Social media users love hashtags, but mostly don’t really understand them. They exist to help users organize and classify content and thus help them find the posts most relevant to them. That’s the theory; in practice, how hashtags work and how people use them depend on the platform.
A Twitter user, Chris Messina, first suggested the idea of social media hashtags in 2007. In a blog post, he said that attaching the pound symbol to a topic could better organize the feed, so users could ignore content irrelevant to them and attend instead to topics of interest. The idea took off several months later, when Nate Ritter used hashtags in his Twitter coverage of the #SanDiegoFire. Twitter formally adopted hashtags in 2009, when the company added an automatic hyperlink to that hashtag’s feed. Other social media have slowly adopted the practice. LinkedIn added full hashtag functionality in 2017.
All social media platforms now allow clickable hashtags.
Hashtags originated on Twitter and remain an important part of content on the platform. Twitter features hashtags in their trending topics panel. In addition, Twitter offers branded emoji campaign ads that allow larger organizations to add a personalized emoji to the ends of their hashtags to help them stand out.
Successful business uses of hashtags on Twitter include:
Users can and should utilize hashtags on every piece of content they post on Twitter. Try incorporating two to three – but no more -- relevant hashtags in your post copy. Twitter recommends a maximum of two, but studies have shown that two to three increase engagement.
Hashtags have been a part of Facebook for several years, though marketers have never truly embraced them on this platform. Brands take a variety of approaches to FB hashtags, and many marketers doubt their effectiveness.
Like Twitter hashtags, Facebook hashtags are hyperlinked, so users who click them see all related public posts with that tag. However, this hashtag search works only for public accounts. After the recent privacy issues, Facebook users are more private than ever. While many Twitter users are comfortable sharing their posts publicly across the platform, Facebook users tend to want their content locked down, and these locked down accounts won’t appear in hashtag searches. Facebook users have not embraced hashtags to the extent of Twitter users, so Facebook hashtag searches tend to return fewer results.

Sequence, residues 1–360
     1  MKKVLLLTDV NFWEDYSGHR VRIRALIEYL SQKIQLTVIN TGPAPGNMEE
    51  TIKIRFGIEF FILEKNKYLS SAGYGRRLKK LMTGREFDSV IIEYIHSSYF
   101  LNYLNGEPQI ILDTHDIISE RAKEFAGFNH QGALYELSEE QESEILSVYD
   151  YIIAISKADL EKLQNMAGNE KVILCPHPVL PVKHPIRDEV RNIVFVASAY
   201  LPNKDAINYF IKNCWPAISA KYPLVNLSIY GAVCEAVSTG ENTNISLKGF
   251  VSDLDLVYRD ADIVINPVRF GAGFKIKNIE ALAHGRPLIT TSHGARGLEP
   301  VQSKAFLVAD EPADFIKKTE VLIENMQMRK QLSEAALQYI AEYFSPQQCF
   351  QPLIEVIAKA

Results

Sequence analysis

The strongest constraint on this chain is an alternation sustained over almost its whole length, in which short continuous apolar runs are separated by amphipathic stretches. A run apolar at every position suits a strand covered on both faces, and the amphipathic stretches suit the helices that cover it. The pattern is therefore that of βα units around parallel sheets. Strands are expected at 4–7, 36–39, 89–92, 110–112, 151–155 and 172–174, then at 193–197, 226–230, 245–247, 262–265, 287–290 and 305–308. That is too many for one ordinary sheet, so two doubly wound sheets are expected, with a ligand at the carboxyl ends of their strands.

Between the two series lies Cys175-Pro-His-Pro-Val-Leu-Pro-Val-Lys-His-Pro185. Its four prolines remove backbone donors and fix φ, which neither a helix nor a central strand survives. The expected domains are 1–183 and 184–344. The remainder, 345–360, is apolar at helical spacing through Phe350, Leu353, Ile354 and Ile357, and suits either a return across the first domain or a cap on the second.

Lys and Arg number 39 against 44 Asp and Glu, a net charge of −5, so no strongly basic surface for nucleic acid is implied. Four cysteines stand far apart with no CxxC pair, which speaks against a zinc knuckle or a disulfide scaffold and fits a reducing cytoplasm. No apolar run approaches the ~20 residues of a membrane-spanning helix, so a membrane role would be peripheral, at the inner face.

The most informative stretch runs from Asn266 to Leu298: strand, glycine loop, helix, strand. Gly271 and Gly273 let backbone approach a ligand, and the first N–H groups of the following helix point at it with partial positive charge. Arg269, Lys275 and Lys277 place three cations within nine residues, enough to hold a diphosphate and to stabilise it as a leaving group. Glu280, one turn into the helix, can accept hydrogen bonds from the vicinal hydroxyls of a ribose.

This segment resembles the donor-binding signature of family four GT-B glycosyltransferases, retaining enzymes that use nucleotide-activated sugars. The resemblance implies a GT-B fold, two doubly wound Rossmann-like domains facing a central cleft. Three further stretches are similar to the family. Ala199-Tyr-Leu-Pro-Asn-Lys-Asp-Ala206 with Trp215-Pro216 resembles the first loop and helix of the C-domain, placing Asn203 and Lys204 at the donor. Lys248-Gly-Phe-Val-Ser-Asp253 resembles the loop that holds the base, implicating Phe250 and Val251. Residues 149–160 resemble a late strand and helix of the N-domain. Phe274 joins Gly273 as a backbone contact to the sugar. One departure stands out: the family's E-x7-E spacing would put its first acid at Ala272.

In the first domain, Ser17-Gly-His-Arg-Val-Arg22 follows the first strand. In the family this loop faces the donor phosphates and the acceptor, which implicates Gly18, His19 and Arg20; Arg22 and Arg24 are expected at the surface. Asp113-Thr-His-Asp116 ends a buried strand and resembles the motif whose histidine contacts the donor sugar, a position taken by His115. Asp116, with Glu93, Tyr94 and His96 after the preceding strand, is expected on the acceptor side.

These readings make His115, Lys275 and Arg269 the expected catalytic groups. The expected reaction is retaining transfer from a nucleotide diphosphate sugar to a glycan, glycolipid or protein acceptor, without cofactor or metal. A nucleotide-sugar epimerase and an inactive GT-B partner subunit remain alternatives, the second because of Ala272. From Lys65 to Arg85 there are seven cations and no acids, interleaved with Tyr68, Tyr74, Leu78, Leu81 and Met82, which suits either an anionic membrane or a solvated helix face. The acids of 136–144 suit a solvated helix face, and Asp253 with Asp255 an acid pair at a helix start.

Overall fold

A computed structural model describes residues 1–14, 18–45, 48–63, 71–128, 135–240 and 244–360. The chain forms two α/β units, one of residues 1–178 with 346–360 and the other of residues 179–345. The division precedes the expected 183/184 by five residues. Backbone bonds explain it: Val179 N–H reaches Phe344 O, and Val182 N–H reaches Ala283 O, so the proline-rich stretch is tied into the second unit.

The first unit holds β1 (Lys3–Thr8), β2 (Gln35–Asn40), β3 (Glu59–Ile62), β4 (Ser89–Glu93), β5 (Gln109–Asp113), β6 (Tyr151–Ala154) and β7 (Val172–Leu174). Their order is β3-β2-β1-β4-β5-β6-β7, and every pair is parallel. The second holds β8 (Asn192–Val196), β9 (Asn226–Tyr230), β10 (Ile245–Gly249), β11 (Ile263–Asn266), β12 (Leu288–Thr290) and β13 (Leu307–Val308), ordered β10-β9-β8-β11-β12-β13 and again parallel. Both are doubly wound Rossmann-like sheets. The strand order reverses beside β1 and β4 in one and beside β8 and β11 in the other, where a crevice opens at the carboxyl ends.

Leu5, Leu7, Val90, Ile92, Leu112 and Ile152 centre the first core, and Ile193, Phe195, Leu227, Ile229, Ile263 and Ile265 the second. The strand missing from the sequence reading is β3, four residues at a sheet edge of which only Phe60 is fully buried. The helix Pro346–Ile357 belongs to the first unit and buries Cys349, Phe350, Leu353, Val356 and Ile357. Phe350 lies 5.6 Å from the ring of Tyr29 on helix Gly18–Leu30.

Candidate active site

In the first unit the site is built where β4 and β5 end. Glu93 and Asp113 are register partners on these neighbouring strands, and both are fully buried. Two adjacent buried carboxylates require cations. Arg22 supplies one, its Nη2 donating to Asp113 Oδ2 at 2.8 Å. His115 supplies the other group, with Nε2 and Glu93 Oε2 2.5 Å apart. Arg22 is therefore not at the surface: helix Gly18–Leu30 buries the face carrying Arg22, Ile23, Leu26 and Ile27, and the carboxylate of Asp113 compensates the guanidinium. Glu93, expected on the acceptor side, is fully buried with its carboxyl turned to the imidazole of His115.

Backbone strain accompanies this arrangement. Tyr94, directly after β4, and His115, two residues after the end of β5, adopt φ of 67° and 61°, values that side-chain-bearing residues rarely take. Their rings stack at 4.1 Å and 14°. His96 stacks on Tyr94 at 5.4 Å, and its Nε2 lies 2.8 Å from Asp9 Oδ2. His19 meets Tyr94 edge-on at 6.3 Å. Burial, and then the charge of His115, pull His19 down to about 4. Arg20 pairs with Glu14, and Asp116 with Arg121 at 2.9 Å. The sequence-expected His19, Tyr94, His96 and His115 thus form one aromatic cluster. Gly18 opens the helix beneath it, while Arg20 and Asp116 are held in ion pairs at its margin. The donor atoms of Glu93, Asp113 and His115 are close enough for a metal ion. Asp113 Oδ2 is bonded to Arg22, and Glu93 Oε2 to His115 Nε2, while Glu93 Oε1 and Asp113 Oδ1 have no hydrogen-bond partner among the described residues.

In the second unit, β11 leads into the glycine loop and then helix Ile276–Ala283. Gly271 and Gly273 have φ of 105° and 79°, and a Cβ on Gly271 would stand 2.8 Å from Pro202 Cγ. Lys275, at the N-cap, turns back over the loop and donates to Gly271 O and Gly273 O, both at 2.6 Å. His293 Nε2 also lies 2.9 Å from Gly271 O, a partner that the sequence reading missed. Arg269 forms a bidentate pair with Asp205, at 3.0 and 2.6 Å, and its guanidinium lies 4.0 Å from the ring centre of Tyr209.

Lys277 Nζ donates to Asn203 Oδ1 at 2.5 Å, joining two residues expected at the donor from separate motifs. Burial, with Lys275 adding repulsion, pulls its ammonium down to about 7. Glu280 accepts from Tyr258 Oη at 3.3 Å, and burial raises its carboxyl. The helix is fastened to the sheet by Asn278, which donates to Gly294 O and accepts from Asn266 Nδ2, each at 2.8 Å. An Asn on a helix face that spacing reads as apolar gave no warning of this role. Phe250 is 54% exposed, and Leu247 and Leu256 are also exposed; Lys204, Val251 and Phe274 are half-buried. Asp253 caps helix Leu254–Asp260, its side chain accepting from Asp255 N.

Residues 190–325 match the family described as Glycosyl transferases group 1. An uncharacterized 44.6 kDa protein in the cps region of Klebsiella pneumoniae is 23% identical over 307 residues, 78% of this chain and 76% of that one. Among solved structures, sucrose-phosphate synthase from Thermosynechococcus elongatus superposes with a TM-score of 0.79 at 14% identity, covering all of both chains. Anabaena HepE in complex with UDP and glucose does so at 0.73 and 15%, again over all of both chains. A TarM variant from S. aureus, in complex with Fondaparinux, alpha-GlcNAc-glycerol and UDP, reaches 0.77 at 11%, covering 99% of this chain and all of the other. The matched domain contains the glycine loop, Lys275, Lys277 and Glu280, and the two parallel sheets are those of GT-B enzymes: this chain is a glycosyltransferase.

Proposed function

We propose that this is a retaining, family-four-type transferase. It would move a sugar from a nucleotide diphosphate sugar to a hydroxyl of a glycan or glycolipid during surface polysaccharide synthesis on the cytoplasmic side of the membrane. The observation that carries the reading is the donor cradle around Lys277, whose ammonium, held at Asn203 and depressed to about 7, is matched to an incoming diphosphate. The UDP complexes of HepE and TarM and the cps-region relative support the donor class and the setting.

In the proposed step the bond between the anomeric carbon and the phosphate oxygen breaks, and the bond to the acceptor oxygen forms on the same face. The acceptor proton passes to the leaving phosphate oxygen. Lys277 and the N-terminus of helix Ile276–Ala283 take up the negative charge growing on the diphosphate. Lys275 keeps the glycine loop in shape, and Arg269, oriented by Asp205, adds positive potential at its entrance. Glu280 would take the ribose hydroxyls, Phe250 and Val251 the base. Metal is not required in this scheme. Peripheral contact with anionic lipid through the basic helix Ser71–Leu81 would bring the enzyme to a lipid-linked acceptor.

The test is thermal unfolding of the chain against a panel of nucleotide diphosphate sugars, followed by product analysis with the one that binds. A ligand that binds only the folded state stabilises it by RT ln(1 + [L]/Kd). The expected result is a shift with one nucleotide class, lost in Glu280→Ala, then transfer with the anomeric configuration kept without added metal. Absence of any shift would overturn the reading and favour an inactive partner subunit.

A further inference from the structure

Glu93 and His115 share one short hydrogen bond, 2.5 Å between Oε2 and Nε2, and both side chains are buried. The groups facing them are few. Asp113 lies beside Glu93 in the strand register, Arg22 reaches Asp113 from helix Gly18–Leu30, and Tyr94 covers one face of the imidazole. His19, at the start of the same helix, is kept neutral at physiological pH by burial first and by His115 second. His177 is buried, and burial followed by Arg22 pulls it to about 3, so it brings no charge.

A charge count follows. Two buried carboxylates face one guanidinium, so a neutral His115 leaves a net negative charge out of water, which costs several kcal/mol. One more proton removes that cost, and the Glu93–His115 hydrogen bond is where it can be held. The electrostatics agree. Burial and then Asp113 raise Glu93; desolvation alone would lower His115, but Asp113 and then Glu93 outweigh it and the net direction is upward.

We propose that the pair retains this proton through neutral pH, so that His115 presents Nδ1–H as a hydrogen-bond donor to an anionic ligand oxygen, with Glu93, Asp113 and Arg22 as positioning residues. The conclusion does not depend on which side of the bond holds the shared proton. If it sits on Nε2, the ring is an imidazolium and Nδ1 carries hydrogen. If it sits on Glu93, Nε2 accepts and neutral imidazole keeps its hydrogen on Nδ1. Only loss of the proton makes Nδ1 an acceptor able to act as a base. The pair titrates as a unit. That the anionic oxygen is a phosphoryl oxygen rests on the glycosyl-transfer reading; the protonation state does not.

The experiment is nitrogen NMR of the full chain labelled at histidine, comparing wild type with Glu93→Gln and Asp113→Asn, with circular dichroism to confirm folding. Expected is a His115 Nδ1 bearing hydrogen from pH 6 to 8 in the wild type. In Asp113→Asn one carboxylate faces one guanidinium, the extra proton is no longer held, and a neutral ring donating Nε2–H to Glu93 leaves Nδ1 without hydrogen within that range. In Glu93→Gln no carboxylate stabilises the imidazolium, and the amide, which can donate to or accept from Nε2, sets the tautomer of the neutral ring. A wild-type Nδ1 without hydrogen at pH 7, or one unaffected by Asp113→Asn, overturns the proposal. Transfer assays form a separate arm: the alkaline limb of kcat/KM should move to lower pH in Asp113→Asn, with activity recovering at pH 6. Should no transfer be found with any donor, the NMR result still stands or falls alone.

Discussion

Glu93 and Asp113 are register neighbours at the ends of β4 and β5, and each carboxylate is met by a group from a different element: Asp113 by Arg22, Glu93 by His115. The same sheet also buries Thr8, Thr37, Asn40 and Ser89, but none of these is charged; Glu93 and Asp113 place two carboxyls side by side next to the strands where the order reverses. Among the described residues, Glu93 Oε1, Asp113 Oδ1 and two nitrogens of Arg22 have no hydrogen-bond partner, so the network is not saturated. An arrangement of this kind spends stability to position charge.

A search for “Social Media” on Facebook will yield the posts that contain both the phrase “Social Media” and the hashtag #SocialMedia. But a search for #SocialMedia or a click on the hyperlinked #SocialMedia hashtag will yield only the posts that contain the hashtag, not the posts that contain the phrase “Social Media.”
A search without the hashtag
A search with the hashtag
Twitter works the same way. But because fewer users employ hashtags on Facebook, it makes sense to search by topic to see all results, with or without the hashtag, rather than clicking on the hashtag to see a small subset of relevant results.
The Instagram platform and community have embraced hashtags with great fervor. If you’re using this platform, you must not only use hashtags but also have a solid strategy for choosing hashtags.
Instagram users must use a hashtag to search for a topic. To find all images relating to Milwaukee on Instagram, I can’t type the phrase “Milwaukee” into the search bar. I must type the hashtag #Milwaukee or a variation to find the content I seek. The search results will show only posts with that exact hashtag. Even if the caption beneath the photo has the term Milwaukee in it, the photo will not appear unless the image also has the #Milwaukee hashtag.